Penn’s Restoring Active Memory Project Releases Extensive Human Brain Dataset

Michele W. Berger | mwberger@upenn.edu | 215-898-6751
Friday, November 11, 2016

A University of Pennsylvania project aimed toward building a device that helps improve memory for patients with memory disorders has reached an important milestone.

Two years into the DARPA-funded Restoring Active Memory or RAM program, lead researcher Daniel Rizzuto, director of cognitive neuromodulation, and Michael Kahana, Penn psychology professor and RAM principal investigator, along with colleagues, have enrolled more than 200 patients and collected more than 1,000 hours of data from patients performing memory tasks. They have now released the largest human intracranial brain recording and stimulation dataset to date, and it’s available for public use, for free.

“This project is really unprecedented in its scope and scale. It’s very much a team effort,” Rizzuto said. “We’ve brought together an amazing group of clinicians, scientists and engineers at 10 organizations across the country to develop a revolutionary new technology to improve memory. Along the way we plan to release all of the project’s data to the public so that other teams might benefit as well.”

The end-point of RAM is to develop a fully implantable device that can electrically stimulate the brain to improve memory function. The program’s immediate goal is to deliver new treatments for those who have experienced a traumatic brain injury, such as veterans returning from combat. In the long term, such therapies could help patients with a broad range of ailments, from Alzheimer’s to dementia.

However, the research isn’t quite there yet.

Implanting such a device requires brain surgery, so initially the RAM team had to better grasp how each part of the brain functions.

“Understanding the basic neurophysiology of human memory in each patient allows us to then intervene using brain stimulation to enhance memory performance,” Kahana said.

Given the early stage of this technology’s development, the scientists opted to work with epilepsy patients who already had electrodes implanted into their brains as part of their routine clinical care. Eight clinical centers across the country enrolled participants into a standard protocol that included cognitive testing sessions during which the Penn team gathered high-precision recordings and used stimulation to elucidate connections among the brain’s memory centers and to refine mechanisms for decoding and encoding neural activity. Participating medical centers included Columbia, Emory and Thomas Jefferson universities; the Dartmouth School of Medicine; the Mayo Clinic; the University of Texas Southwestern; the National Institute of Neurological Disorders and Stroke; and the Hospital of the University of Pennsylvania.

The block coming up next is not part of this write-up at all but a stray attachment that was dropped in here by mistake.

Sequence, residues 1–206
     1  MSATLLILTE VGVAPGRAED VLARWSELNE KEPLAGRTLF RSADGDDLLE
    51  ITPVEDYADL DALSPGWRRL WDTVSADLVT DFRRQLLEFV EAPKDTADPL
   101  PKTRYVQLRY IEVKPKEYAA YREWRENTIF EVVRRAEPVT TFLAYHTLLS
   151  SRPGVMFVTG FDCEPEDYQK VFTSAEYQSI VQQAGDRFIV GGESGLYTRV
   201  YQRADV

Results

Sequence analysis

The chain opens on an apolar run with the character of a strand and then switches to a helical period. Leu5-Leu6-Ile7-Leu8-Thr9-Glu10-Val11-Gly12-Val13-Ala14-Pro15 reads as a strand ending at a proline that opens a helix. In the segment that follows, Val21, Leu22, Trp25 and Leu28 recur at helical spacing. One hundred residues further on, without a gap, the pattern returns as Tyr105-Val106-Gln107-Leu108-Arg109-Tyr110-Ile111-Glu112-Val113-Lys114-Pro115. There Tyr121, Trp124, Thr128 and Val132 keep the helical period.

Cognitive tasks, chosen for their importance in carrying out activities of daily living, included verbal free recall, where patients were asked to remember a set of words, perform a few simple arithmetic problems to distract them from the list, then recall as many of those initial words as possible. There was a paired-associate learning task, as well as a spatial navigation task during which subjects moved around a computer-generated environment, similar to a computer game.

“We’re getting lots of data from these patients because we must account for the many different aspects of memory as we build our model,” Rizzuto said. “Every patient’s brain is different, and we need to develop a patient-specific model for how the memory system works to optimize the delivery of stimulation. That’s our approach.”

The recently released dataset includes information from 700 sessions, and for every patient, intracranial recording files from 100 to 200 electrode channels, neuro-anatomical information indicating the location of each electrode, precise records of patient behavior and the experimental design documents. To receive the raw dataset, interested researchers may request access through the RAM website.

For their part, the RAM researchers say they will continue using the data they’ve gathered to refine their algorithms and identify the optimal stimulation location for the implantable device.

“We’re essentially developing a recipe for how to record and stimulate the brain in order to restore memory. And we’ve got 200 patients’ worth of data that we’re using to refine that recipe,” Rizzuto said. “At the end of Penn’s RAM effort, which we anticipate will be about 20 months from now, we hope to have that recipe finalized.”

It is one more step toward an implantable device that’s not too far off in the future.